- Ivan Maisel, ESPN Senior Writer
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COLLEGE STATION, Texas -- It's the age of Twitter, and you want to boil these new Texas A&M Aggies down to 140 characters. You want to say something pithy and martini-dry, pull out your snark. New league but not a new result.
Texas A&M led Florida by 10 points, 17-7, and lost, 20-17, just as it did five times last season.
Go ahead, hit send, and move on. But you didn't just miss the point. You never saw it. At the end of the first Saturday of the rest of Texas A&M's athletic life, the result of the game didn't matter much at all. They held a coronation on this Texas flatland, a celebration of what this university has become.
If you will pardon the expression in this red-leaning state, the move to the Southeastern Conference is change the Aggies can believe in.
History tells us that change is not something this campus handles well. In the span of Dr. Robert L. Walker's adult life, Texas A&M has changed from an all-male, all-white military institution into a coeducational, multiracial university respected for its research. Walker, the university's senior executive for development, graduated from A&M in 1958, four years before women enrolled.
"Students thought of this as a place where plowing farmers came," Walker said, "and marching soldiers."
Students thought of this as a place where plowing farmers came and marching soldiers.
-- Dr. Robert L. Walker, Texas A&M senior executive for development
They didn't want women. They didn't want students of color. They didn't want women in the corps. When that happened a generation ago, some of the male cadets would put raccoons and armadillos in the female cadets' dorm rooms at night.
But the university adjusted. Billy Pickard arrived on this campus as a student on June 1, 1952, the day after he graduated from high school in San Antonio. After his college graduation, he returned as a trainer for coach Gene Stallings nearly a half-century ago and never left.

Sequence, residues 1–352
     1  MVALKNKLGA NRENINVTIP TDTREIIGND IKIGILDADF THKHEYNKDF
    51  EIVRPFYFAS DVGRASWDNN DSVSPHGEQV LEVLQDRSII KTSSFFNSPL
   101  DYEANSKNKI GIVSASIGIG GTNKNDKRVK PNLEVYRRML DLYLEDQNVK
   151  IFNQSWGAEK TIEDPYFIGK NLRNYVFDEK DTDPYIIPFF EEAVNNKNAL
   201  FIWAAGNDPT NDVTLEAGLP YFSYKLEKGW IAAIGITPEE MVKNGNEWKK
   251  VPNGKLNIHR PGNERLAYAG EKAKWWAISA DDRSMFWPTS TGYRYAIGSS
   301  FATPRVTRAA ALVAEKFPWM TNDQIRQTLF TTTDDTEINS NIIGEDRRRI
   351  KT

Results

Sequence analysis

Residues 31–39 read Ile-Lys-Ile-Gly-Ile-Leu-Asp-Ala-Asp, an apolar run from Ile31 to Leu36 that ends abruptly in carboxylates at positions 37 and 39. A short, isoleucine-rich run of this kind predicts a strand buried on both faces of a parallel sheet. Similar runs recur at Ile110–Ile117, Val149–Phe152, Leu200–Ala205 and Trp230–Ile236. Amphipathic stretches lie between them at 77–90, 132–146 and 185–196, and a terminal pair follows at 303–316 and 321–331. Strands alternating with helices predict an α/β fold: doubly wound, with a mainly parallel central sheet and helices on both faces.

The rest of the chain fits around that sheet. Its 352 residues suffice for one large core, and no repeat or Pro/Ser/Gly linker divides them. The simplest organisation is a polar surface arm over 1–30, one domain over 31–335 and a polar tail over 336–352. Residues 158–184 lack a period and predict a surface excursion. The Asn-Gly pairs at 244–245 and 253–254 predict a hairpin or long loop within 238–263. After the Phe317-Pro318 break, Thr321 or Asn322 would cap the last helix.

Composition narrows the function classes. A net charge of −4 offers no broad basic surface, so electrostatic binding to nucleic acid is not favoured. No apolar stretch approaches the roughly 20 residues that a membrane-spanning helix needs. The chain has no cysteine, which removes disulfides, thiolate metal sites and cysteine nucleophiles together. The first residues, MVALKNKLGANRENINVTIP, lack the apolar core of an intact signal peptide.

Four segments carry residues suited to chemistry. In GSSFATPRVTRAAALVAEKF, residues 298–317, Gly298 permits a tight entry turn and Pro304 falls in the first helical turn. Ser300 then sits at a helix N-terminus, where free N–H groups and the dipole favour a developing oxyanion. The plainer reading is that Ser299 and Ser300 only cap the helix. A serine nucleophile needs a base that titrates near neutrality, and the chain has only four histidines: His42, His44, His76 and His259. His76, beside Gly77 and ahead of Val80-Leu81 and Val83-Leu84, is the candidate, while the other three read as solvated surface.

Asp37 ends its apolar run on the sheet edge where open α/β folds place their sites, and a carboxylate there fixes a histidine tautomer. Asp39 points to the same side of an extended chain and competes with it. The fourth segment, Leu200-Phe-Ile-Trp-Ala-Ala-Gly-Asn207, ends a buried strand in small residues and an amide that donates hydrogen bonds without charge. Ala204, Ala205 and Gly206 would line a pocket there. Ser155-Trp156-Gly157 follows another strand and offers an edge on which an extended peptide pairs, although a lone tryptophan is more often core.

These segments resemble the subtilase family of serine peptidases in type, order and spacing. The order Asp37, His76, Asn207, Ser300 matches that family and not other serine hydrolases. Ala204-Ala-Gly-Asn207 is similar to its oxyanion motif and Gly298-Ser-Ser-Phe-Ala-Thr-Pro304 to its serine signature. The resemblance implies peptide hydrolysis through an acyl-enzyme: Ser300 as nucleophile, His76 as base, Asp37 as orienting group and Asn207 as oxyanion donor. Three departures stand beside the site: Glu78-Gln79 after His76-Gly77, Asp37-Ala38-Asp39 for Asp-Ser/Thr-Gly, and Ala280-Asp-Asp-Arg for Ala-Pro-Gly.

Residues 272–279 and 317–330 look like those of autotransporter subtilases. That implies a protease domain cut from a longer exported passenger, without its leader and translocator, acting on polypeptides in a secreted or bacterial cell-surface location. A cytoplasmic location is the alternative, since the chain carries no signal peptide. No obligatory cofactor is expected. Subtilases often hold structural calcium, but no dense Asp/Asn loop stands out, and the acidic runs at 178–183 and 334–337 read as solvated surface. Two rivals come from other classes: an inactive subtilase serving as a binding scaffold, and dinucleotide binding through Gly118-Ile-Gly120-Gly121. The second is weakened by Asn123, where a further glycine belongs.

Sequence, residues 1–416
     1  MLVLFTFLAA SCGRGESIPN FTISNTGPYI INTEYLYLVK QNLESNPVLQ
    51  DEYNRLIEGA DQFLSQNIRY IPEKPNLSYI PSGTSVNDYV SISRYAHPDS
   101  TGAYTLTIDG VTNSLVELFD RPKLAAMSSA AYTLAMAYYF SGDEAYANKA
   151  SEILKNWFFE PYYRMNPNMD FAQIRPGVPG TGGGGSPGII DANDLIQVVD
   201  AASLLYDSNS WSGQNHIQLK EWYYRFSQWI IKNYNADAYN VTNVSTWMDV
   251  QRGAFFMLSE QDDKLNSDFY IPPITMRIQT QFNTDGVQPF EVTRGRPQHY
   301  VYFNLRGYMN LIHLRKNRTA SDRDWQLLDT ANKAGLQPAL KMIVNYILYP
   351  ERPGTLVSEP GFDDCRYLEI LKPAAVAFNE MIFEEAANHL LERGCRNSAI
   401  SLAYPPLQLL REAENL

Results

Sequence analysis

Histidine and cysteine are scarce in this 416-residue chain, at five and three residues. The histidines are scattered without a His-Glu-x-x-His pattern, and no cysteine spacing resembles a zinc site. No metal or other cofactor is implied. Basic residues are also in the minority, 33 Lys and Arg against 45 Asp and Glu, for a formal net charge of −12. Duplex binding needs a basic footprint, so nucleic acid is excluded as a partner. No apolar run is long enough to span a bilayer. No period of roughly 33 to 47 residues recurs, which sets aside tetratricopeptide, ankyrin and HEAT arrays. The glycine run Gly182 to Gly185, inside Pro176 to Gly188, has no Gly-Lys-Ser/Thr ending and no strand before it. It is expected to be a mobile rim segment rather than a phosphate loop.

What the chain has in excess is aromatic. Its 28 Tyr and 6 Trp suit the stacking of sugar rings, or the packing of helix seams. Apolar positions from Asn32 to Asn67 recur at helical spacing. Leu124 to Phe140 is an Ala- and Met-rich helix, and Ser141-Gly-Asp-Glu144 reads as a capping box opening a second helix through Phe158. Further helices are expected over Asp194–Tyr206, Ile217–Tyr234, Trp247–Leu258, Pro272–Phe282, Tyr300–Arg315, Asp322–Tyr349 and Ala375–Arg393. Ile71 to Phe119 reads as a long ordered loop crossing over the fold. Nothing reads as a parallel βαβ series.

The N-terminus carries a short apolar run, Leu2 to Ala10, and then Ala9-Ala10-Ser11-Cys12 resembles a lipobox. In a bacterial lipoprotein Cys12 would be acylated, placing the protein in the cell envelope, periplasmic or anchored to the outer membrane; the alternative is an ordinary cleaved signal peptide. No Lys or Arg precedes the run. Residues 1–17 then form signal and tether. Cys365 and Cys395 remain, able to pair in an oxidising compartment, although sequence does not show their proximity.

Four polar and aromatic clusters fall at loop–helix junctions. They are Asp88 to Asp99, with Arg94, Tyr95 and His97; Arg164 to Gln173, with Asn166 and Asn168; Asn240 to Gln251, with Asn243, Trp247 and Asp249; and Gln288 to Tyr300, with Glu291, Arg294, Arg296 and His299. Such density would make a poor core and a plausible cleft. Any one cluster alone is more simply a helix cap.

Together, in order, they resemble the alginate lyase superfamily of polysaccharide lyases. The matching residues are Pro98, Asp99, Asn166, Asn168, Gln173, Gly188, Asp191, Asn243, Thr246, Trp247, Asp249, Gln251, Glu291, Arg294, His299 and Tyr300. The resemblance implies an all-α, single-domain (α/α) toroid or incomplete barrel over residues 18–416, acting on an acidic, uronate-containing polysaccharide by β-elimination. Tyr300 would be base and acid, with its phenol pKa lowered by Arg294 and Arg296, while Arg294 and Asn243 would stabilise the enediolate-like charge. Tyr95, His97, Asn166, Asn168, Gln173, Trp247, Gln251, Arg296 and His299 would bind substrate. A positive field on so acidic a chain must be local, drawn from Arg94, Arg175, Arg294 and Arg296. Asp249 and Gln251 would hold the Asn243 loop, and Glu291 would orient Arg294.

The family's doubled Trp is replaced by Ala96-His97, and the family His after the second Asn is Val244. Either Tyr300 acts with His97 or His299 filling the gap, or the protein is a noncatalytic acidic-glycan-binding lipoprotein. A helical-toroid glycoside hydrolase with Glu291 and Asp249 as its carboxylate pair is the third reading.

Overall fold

"I remember so vividly," Pickard said, "one of the professors at the vet school telling me, 'I'll tell you one thing. There ain't going to be no women in my class.' About 10 years later, he came to me. 'Let me tell you something. You remember me telling you that? They are the most magnificent students we got.'"
As Pickard spoke, the Corps of Cadets marched into Kyle Field, going all the way around the turf. The makeup of the Corps -- the men, the women, every shade of skin -- reflects what Texas A&M has become. Pickard watched from the sideline with grandfatherly pride.
"Every kaleidoscope of America that you'd want to look at," Pickard said. "It's a kaleidoscope of people. If you got a lick of patriotism, when you see all that, you realize how magnificent that really is."
Those old Ags, the ones who thought change meant the end of the world, wouldn't recognize the place today. So many buildings are new. And now the conference is new. But the old Ags would recognize the love that the university engenders among its students and, as they call the alums around here, the former students.
"Even though physically we've changed drastically," Walker said, "the culture of A&M has not changed that much."
Walker had four children who graduated from Texas A&M. Of his eight grandchildren, one graduated from A&M, three are currently enrolled and the other four aren't old enough for college. He likened the feeling to a big fraternity, Phi Delta Aggie.
"The SEC is right for us," Walker said, "because, frankly, this is hard to say, but we got tired of the University of Texas trying to run the show. I don't even want to say that. I don't want to make people mad. But too long, we were not leading out because we were tied to the University of Texas. I think it was just time for A&M to launch out and be more competitive in the athletic arena. We feel like the SEC is the right place for us."
And unlike all the other changes, the Aggies embraced this one.
"I think we may need a little time to be competitive in football," Walker said. "We're probably going to need a couple of years to get the playing field level. But playing Alabama, LSU, Auburn, Florida, those kind of schools, that's good. Today is very special."
As a student trainer under coach Bear Bryant, Pickard worked at the famous Junction training camp. His job was to take Bryant's son Paul Jr. for an ice cream every afternoon. He has given his life to the place. He would give his life for it. Over the course of his lifetime, the university has grown and matured.
Given the evolution of Texas A&M University, he is asked, what else is there to change?
Pickard pointed to the videoboard that towers over the south end zone.
"The scoreboard," Pickard said. "That's what you got to change."
1dSam Khan Jr.